Tag Archives: stock agency

Checklist for using Pictures, Images or Clipart you found online. What is royalty free?

Checklist Tick boxes in black with pencil and drop shadow

Photo Checklist

The checklist of considerations and questions below are important to think about when you found an image online and want to use it for whatever creative or editorial reason. Here is a checklist of things to ask yourself when licensing and using an image:

Ask yourself, how am I using the image exactly?

If the image is going to be used on a t-shirt design, within a mobile app, on a road-side billboard, for an e-device, on your client’s homepage or within a college textbook just to name a few, you will want to make sure that the license covers your particular usage. If you don’t know if you are covered, then don’t assume. You can always call up the photographer or stock photo agency to ask if your specific usage is covered by the license they offer. Better to be safe then to assume.

I need to be able to use an image forever. Will the license I buy ever expire?

This is very important. Start by asking yourself, “how long do I want to use a particular image for any project?” Check if the photo license expires in the future or grants you rights to use the image ‘in perpetuity’, which is just legal jargon that means the license doesn’t expire. Always check to make sure there isn’t a time restriction on your usage. Royalty free licenses are almost always ‘in perpetuity’ and won’t expire. Rights managed licenses have restrictions and limitations on how long you can use an image. Make sure you record if the license expires on a certain date and save that information along with the image. If someone created a website for you make sure that the images they selected for you don’t expire. The last thing you want is an unexpected bill or an email from an angry photographer or agency questioning why you are still using an image, whose license has expired.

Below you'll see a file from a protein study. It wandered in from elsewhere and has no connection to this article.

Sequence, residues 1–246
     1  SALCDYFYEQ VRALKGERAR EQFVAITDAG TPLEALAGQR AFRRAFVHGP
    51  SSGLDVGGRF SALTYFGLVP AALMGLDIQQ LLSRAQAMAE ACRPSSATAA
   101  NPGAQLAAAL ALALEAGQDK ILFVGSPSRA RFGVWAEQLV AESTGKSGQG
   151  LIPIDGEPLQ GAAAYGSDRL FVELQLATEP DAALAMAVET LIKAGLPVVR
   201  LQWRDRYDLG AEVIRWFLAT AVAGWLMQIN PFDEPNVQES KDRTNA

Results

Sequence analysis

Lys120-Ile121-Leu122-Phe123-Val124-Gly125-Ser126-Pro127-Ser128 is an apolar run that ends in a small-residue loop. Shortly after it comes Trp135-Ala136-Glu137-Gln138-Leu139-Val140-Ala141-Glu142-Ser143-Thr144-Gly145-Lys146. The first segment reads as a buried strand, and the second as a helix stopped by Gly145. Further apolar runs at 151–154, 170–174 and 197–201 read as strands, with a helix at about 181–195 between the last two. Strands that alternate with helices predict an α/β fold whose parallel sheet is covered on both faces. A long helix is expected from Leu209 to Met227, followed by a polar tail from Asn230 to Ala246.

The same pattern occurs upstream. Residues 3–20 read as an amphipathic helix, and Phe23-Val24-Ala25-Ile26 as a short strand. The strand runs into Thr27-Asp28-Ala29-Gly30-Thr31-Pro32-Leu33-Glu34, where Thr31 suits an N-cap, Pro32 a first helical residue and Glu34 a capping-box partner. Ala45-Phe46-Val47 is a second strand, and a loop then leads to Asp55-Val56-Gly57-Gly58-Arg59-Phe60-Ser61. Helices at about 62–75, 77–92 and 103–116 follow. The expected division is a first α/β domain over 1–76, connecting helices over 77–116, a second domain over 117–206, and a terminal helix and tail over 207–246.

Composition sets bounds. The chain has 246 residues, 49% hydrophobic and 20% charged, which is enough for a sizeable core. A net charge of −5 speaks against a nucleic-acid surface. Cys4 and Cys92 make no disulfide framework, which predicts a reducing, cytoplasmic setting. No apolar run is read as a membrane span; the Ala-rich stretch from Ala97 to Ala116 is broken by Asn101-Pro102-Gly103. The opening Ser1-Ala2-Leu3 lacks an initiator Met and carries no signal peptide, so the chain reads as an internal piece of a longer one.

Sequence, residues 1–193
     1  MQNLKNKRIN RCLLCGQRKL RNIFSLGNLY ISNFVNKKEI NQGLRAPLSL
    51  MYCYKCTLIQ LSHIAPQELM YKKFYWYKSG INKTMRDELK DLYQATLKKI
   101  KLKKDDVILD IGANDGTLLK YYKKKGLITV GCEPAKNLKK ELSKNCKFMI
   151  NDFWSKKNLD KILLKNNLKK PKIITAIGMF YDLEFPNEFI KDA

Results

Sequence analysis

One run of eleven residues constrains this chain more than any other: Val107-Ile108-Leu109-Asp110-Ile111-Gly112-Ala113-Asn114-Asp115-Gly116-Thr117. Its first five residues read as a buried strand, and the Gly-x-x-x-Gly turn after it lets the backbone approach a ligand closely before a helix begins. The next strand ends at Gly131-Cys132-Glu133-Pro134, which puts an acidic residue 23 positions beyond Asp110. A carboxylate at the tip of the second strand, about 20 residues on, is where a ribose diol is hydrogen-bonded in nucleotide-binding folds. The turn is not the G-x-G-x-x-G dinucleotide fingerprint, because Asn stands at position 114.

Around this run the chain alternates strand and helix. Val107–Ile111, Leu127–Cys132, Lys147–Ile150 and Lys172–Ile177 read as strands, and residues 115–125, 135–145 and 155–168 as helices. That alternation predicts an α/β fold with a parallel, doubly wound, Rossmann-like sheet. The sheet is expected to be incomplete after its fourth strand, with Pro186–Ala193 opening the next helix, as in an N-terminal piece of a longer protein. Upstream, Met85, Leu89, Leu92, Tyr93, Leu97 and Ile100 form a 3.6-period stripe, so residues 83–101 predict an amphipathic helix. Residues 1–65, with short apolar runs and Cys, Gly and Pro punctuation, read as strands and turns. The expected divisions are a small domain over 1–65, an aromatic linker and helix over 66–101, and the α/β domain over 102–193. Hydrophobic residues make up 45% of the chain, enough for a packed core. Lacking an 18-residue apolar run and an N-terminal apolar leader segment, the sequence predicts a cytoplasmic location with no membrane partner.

Does the amount of times I print the image matter?

This is a good time to double-check how many times you want to print, reproduce or otherwise use an image. This is sometimes called “print run.” For example if you are going to print an image 10,000 times on a poster or use the image for a book cover that will be printed over 250,000 times, you want to make sure that the license doesn’t have a “print run restriction” that might require you to pay extra for any excess prints you make over the allotted amount. If you know your usage will exceed the number of times you can print it according to the license, you can purchase an additional license exemption in some cases called an extended license so you increase your print run to unlimited.

Am I licensing Royalty Free images or Rights Managed images?

Knowing the difference between these two license types is extremely important and will affect how your able to use the image. Clicking the checkout button and paying for the image doesn’t mean that you can use it anyway you like. You need to know the rights you are obtaining through the license.

If I use a subscription service to license images am I still allowed to use the images I downloaded after my subscription ends?

No, unless you used a specific image for a project during the time of your subscription. In that case, you can re-use the image but if you do not use the image during the time of your subscription and then use it after your subscription ends you are in violation of your licensing agreement and subscription sites will send a team of lawyers after you. You have to be very careful of subscription sites and their license. A person who cancels their stock subscription can not stockpile, download, or otherwise store images not used within a few months of the expiration of their subscription. This means you can not use any image which was downloaded but not used in a personal project or clients project during the time of your subscription. All subscription sites have a provision that limits how you can use images you downloaded during the subscription period that have not been used in a project. This is called image warehousing.

Ask yourself, Are there recognizable people, famous landmarks or artistic works (such as paintings or sculptures) in the image?

For commercial use, you need to double-check that your supplier holds the appropriate model or property release for that image. A simple email asking the photographer or agency for confirmation that they hold the releases is a good start.